Into the life of a billionaire-philanthropist

K Giriprakash | Updated on November 22, 2020

Title: Azim Premji: The man Beyond the Billions Authors: Sundeep Khanna & Varun Sood Publisher : Harper Business Price: 699

The book covers Wipro founder Azim Premji’s journey without pulling any punches

For a man who gives away ₹22 crore of his wealth every day to improve elementary education in the country, Azim Premji, has been an enigma. Short of being a recluse, Premji, India’s top philanthropist, and Wipro’s founder-chairman has studiously kept himself away from the media spotlight, even though curiosity about him has never dimmed.

Azim Premji: The Man Beyond the Billions written by seasoned journalists, Sundeep Khanna and Varun Sood, gives a comprehensive view of the life of Premji, and how he built a very successful IT services firm which is now among the top five domestic companies in its domain.

Wipro Ltd has always been perceived as playing second fiddle to a more flamboyant, if one can use that term to describe a company rather than a person, Infosys, another Bengaluru-based IT services company. Given that it occupies a bigger mind space than Wipro does, one expected at least a couple of similar books on Infosys, but surprisingly, Premji’s Wipro has found itself shelf space earlier than its cross-city rival.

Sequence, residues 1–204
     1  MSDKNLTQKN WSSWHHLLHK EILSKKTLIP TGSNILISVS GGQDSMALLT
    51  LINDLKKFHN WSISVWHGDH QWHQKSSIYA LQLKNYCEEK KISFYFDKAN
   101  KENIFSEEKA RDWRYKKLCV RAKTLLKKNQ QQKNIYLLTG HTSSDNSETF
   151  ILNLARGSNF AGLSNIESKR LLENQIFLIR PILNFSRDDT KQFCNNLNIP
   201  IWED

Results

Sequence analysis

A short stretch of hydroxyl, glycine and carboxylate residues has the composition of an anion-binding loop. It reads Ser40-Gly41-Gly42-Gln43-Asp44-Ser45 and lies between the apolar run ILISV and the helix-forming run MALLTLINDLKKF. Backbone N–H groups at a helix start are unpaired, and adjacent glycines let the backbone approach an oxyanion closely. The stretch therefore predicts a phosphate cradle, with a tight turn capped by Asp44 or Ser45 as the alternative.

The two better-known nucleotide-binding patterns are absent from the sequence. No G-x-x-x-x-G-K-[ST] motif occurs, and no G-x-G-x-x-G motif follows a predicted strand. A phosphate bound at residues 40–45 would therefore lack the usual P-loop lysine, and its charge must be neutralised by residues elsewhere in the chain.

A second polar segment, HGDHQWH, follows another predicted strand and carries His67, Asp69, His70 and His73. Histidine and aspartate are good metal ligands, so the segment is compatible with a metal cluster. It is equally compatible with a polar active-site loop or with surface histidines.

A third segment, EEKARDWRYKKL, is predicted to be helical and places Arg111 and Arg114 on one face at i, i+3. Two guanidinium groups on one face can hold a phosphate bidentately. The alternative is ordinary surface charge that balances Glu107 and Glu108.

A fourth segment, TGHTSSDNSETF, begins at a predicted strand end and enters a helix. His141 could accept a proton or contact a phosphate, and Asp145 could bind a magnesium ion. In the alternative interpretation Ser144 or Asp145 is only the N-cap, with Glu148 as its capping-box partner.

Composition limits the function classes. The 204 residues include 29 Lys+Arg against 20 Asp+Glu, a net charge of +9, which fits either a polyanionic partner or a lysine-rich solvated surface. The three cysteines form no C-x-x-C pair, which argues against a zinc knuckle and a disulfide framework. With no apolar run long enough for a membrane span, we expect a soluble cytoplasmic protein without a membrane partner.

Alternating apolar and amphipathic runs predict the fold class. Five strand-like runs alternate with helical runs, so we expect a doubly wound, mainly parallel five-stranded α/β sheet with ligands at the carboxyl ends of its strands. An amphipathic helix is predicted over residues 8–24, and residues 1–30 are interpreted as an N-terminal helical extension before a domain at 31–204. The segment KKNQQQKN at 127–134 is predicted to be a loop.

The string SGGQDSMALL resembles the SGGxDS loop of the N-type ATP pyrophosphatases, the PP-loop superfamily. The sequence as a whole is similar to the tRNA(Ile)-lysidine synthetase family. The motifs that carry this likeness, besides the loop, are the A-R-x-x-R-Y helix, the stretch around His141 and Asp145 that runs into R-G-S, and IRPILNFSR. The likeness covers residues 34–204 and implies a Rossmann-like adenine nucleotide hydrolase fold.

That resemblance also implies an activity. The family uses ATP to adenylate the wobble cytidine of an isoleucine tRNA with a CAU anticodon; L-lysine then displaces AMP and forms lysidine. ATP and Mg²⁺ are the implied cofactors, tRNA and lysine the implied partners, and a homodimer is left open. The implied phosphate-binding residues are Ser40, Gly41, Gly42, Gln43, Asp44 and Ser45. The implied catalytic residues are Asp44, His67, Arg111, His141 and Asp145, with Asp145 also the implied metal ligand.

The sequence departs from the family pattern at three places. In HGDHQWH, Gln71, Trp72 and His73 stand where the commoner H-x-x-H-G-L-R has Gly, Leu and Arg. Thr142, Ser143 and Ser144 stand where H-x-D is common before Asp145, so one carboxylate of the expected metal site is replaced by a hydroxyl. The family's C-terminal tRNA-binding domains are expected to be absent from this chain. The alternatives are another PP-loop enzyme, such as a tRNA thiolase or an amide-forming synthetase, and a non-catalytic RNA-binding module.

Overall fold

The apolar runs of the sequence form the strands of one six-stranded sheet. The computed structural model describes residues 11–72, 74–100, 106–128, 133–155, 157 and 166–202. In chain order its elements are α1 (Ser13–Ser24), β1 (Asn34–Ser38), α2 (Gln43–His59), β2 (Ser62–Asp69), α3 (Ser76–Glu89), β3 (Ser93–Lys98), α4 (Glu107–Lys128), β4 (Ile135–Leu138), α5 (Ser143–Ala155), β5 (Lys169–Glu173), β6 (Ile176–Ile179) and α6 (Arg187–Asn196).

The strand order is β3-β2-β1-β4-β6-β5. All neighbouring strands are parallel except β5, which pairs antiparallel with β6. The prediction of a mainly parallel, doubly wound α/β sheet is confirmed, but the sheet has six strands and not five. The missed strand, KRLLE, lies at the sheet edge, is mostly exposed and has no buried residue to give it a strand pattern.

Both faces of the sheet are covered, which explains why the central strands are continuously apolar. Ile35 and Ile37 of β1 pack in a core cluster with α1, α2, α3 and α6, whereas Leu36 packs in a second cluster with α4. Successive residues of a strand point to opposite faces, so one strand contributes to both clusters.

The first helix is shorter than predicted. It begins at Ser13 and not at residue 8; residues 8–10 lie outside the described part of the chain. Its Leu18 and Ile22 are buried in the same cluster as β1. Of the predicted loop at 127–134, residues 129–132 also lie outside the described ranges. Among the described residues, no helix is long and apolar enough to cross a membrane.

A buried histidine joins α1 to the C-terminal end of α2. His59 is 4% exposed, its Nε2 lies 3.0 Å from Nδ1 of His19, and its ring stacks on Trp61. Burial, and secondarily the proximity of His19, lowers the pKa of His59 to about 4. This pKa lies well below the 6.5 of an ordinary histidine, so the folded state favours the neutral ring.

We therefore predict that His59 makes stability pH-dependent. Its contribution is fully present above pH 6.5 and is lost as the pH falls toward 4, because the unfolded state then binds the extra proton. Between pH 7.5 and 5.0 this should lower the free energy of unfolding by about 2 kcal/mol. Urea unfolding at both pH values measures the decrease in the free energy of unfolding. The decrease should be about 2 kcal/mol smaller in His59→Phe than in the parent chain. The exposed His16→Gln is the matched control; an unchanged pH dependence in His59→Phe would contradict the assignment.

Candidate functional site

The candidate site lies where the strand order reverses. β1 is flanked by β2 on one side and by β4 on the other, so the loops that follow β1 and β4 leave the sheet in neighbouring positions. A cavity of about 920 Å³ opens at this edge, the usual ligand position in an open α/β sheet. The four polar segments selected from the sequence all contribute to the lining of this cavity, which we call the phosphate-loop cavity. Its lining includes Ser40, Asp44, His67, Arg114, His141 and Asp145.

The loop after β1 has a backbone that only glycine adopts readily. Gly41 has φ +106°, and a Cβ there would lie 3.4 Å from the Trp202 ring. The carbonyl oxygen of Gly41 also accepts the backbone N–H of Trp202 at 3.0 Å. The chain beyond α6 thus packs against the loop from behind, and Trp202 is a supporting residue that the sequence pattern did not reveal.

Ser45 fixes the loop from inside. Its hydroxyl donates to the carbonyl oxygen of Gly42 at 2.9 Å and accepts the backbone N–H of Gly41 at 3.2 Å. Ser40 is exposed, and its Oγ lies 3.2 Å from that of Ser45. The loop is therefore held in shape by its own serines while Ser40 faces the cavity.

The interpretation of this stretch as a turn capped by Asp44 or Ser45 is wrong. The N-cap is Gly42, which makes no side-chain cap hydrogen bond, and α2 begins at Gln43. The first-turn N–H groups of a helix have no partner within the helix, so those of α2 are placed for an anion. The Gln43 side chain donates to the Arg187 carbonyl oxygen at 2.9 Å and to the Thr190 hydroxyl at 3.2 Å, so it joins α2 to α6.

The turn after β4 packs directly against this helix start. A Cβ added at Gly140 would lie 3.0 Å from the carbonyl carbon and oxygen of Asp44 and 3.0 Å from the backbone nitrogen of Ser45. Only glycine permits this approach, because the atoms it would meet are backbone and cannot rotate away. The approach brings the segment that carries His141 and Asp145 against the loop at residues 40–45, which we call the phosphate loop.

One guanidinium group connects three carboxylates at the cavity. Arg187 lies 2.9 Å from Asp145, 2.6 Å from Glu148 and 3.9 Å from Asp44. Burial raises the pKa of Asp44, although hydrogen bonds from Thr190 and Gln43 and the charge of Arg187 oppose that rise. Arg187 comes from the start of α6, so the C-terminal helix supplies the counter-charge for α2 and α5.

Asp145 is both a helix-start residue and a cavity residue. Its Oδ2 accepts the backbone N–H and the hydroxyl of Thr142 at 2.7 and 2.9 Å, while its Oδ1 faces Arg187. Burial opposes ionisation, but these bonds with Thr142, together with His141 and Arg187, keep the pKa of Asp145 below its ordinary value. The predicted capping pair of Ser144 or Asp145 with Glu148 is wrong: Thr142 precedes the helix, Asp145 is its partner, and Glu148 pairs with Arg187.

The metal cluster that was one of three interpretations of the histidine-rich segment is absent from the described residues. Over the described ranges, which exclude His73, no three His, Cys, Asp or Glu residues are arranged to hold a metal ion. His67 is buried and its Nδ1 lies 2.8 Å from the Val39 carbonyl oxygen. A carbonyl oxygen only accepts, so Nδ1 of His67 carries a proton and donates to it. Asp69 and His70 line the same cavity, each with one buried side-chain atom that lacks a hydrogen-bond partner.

Perhaps what made it easier for the authors to take the decision to write a book on Premji was his willingness to not restrain his colleagues and those close to him from opening up to the authors. But that was perhaps the only easy part.

As the author-duo in the early chapters reveal, once they started researching about the man and his work, Premji, as one expected him to, steadfastly refused to be interviewed for the book saying that he had hardly anything substantial to contribute.

These are the kind of stumbling blocks authors writing about Indian businessmen face routinely. Not only are there not enough published material to lean on, but as the authors point out, navigating through the very dynamic nature of Indian businesses can be quite a task.

The early chapters might give the impression of this book being a gushing tribute to Premji, but as one reads through one will realise that the authors are trying to build a context for the book before taking a deep dive into the various facets of the company. As the authors rightly point out, Premji’s business achievements are overshadowed by the sheer scale of his generosity though the fact is that philanthropy was a late realisation for him.

Focus on ethics